During times of uncertainty, I like to knit. I call it stress knitting. In the past month, since my preschool classes were moved online, I have been busting my knitting stash and stress knitting my fingers to the bone. There is something just so soothing about knitting stitch after stitch and creating something brand new from a piece of string.
I normally get bored knitting large projects and prefer to knit smaller things. In the past month, I knit three baby hats, four baby booties, slippers for me, and even a hat for our oscillating tower fan. The fan has a very annoying blue light on the top that wakes my husband and me up. We usually throw a T-shirt on top to block out the light. The T-shirt often falls off and then I’m the one who throws it back on. In my knitting frenzy, I knit the fan a very cute stocking cap that fits over the blue lights. Problem solved and stress managed!
After knitting all of these small things, I decided to attempt a larger project. I combed Pinterest and my knitting books for inspiration. Settling on a cozy, adult size pullover sweater, I cast on and began to knit. Three days later, I only had an eighth of the back finished. I scrapped the sweater, embraced my impatience and moved on to knitting a tiny eggplant.
If you also love knitting small projects, here are eight books to peruse. Even if you can’t knit, these are really cute and fun to thumb through!
8 Knitting Books of Cute, Little Projects
Mini Knitted Cosmos: Over 40 Woolly Aliens, Rockets, Planets, and Other Astro-Knits by Sachiyo Ishii
These tiny knitting projects are out of this world adorable! Sachiyo Ishii created 40 space-themed projects including small rockets, planets, cute aliens, and even little penguins in space suits. If you are in need of a baby shower gift, there are patterns for a Planets Mobile and a Star Babies Mobile. Both made me audibly say awwww while reading the book for the first time! Ishii also includes sections on materials and tools, sewing, and basic knitting and embroidery stitches.
Mini Knitted Woodland: Cute & easy knitting patterns for animals, birds and other forest life By Sachiyo Ishii
I could not chose just one mini knitting book by Sachiyo Ishii for this list, so I added this one as well. This book contains 28 quick and easy patterns for knitting whimsical woodland cuties. Patterns include hedgehogs, gnomes, toadstools, and even a family of minuscule mice. Even if you don’t knit, this book is worth looking at if you need something winsome to brighten your day!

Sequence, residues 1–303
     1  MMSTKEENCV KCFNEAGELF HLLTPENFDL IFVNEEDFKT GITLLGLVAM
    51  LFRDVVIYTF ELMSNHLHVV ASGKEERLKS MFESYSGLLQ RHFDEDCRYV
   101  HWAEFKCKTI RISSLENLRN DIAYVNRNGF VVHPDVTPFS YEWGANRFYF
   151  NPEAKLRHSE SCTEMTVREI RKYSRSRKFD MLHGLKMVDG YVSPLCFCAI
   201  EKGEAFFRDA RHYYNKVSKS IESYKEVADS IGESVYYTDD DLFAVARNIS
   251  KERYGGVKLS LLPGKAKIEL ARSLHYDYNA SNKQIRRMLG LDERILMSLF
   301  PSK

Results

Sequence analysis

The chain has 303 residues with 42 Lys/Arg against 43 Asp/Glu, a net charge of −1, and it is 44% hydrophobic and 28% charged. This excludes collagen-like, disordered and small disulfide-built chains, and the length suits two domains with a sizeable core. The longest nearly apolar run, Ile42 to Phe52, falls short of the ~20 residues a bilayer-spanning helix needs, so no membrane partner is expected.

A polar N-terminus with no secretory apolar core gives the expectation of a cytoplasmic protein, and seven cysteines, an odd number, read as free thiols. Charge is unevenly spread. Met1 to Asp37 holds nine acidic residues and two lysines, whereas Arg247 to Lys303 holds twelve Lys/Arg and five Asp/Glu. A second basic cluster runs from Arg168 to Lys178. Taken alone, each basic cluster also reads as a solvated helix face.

One-Stitch Baby Knits by Val Pierce
This is the perfect book for the beginning knitter. Knitters who can cast on, knit garter stitch, and bind off, are ready for these one-stitch baby knits. In this book, knitters will find simple and quick patterns for bunny hats, bibs, sweaters, burp cloths and other baby essentials. I am currently knitting the Teddy Bear Romper from this book and it has been quite easy to follow!
100 Little Knitting Projects by Sarah Keen
This is a colorful collection of tiny toys that the author, Sarah Keen, writes “can be completed in an evening.” Included in this book is a small section on the “knitty gritty” aspects of knitting including getting started, fair isle, purling, intarsia, and other knitting how-to’s. Some of the more unique patterns include a tiny Battenberg cake, the Sugar Plum Fairy, a cactus in a pot, and a lime green cocktail complete with an orange wedge. So cute, I want to knit them all!
While the projects in the aforementioned books have been very wee and very cute, many of the projects in this book are a bit more refined and beautiful. All of these patterns were inspired by nature. Use this book to create a bouquet of peonies, tulips, clematis, and poppies. Recreate Vincent Van Gogh’s sunflowers with 22 different sunflower patterns. Other patterns include various leaves, plants, critters, and floral blocks. Both knitters and non-knitters find this book beautiful!
This book is a collection of small, sweet knitting projects called “Tinys.” According to the author, Tinys are cute little knitting projects that can be completed in less than an hour using left over yarn from a larger project. These knitted treasures can be given as gifts, used as Christmas ornaments, or created just to make you smile. Along with the patterns, Anna Hrachovec includes sections on using double pointed needles, knitting in the round, and closing up the toys. Just a warning before buying this book: knitting Tinys is addictive, but so satisfying!
Amigurumi Knits: Patterns for 20 Cute Mini Knits By Hansi Singh
Amigurumi is the Japanese art of knitting small animals and objects with big, cute personalities. Check out this book if you want to knit a tiny angler fish, a preying mantis, or a jackalope. Along with the patterns, Hansi Singh includes a section all about how much fun amigurumi knitting can be. In her own words, “It takes much less time than knitting a sweater…and it makes you popular among the small children in your life.”
Knitted Amigurumi Edibles: Basic Techniques plus 5 Veggies By Hansi Singh
This is a slim, little 32 page book for knitters who want to knit six different, adorable vegetables. Patterns for an aubergine, tomato, carrot, garlic, cucumber, and peas in a pod make up this book that is the perfect size for a knitting tote bag. Patterns are easy to follow, use small amounts of yarn, and the end products are adorable, soft, huggable veggies.
More Knitting Goodness
Inspired to knit or need more knitting cuteness? Learn how to knit, follow some book-inspired patterns, or knit your own Baby Groot with these other awesome knitting lists: